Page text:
Temas de Capa

Safety Nets

shelter poverty


Toronto is experiencing an unprecedented crisis of extreme poverty, which is made visible by the countless numbers of homeless people sprawled across the city’s streets and parks.

This situation highlights, among other things, the importance of social and charity organizations in providing support and assistance to those in need.

Among the various services and resources offered by these organizations are the search for and provision of emergency shelters, transitional housing, and outreach programs to help individuals find stable housing. In addition, they also offer essential services such as food, clothing, medical assistance and mental health support to meet the immediate needs of those who don’t have a place they can really call home – a true safety net for individuals who have fallen through the cracks of society.

Therefore we wanted to find out from the Good Shepherd Ministries, one organization that plays a huge and important role in preventing and combating this social scourge, what the current situation is and what we can all do to help and offer these people the chance to rebuild their lives.

Milénio Stadium: What kind of support does your organization provide to people experiencing homelessness?
Adrienne Urquhart: Good Shepherd Ministries is a front-line charitable organization that has been providing programs and services to homeless and vulnerable individuals since 1963. Programs and services include: overnight shelter for 95 men; daily meal program currently serving 800 meals a day; clothing distribution; medical services with an RN on staff and working in collaboration with other medical professionals and services; Drug and Alcohol Recovery Enrichment Program (DARE) which provides 25 men pre and post detox services and aftercare support; Resettlement program offering housing services to secure and maintain housing; Shelter Diversion program and Follow Up Supports (new programs to assist people before they enter the shelter system and to assist individuals in maintaining their housing); Veterans Housing Navigation which provides case management and one-on-one support for homeless Veterans, also providing life skills groups and working in partnership with Helmets to Hardhats to seek gainful civilian employment with trades; Pastoral Care providing spiritual care to anyone who wishes. In addition, we have two supportive housing residents. One for formerly homeless seniors, age 55 + and one for people living with HIV and AIDS.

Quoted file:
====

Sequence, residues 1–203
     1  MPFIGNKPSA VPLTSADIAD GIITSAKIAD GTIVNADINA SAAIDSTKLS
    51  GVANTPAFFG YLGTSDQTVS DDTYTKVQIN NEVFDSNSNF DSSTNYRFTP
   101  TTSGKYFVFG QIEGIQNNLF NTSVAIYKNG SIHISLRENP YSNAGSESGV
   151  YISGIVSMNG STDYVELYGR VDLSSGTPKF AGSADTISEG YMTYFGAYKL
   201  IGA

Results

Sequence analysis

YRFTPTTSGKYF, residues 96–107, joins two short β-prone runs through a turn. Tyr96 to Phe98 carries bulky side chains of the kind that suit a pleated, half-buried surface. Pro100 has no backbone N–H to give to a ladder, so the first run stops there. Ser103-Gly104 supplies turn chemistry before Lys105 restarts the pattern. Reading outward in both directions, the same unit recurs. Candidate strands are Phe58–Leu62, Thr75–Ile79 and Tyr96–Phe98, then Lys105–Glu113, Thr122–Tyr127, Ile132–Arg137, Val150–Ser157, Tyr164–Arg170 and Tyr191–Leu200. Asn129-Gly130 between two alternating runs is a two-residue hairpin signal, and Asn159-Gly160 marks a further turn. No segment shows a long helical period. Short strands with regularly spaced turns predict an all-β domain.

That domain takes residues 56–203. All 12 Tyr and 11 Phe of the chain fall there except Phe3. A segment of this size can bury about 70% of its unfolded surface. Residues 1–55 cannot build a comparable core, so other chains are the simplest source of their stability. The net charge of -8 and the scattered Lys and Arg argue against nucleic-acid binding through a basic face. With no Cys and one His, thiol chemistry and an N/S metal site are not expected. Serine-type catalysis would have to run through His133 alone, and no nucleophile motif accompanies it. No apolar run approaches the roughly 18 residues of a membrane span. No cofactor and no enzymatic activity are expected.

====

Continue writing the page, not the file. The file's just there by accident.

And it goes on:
MS: In what other ways does Good Shepherd Ministries act to address the growing poverty that is increasingly visible on the streets of Toronto?
AU: Good Shepherd is continually reviewing its programs and services to address the needs of its service users by adding new programs that address emerging concerns. In addition, we realize that case management and one-on-one support is key to ensuring people are successful in achieving their goals and working toward a more stable and secure life.

MS: From your experience and contact with these people, do you realize that many of them choose to live on the streets, not only because of the difficulty in finding shelter, but often because they are afraid of being robbed or assaulted in these same places?
AU: There are a variety of reasons why someone may not wish to stay in a shelter – childhood trauma, psychological reasons etc., however, we find the main reason people are homeless (and the definition of homeless is broad) is the lack of shelter space and affordable housing.

MS: Do you have any kind of support to carry out your activity?
AU: Good Shepherd receives funding from the City of Toronto in the form of a per diem (all shelters receive a per diem/fee for service), as well as multi-level government funding for various programs. We also fundraising a large portion of our revenue through donations, events and other fundraising strategies to support programs that are not funded. We also rely on a large pool of volunteers to assist in carrying out our programs and services.
In May, Toronto’s city council declared the lack of housing for homeless people an “emergency”. As an institution that deals with this reality on a daily basis, how do you look at the situation and the responses that have been given by the various levels of government?
The lack of affordable and deeply affordable housing is a crisis in Toronto. We believe it is the responsibility of all levels of government to come to the table to address this crisis not only in terms of capital but for support dollars to ensure that people who are vulnerable receive the support to assist them in maintaining their housing.

MS: What can be done by the population and community to help reverse this situation?
AU: That is a great question that so far no one seems to want to address cooperatively. Homelessness is not one person’s problem – it is a societal problem that is the responsibility of all of us, including all levels of government. It is a product of a system that has failed to address a growing problem. It is such a large problem that it becomes overwhelming for the individual to see how they can affect change. It may seem trite, but something as simple as educating oneself about the realities of those who are homeless and at-risk, advocating, donating or volunteering have an impact on the day-to-day realities for individuals.

Inês Barbosa/MS


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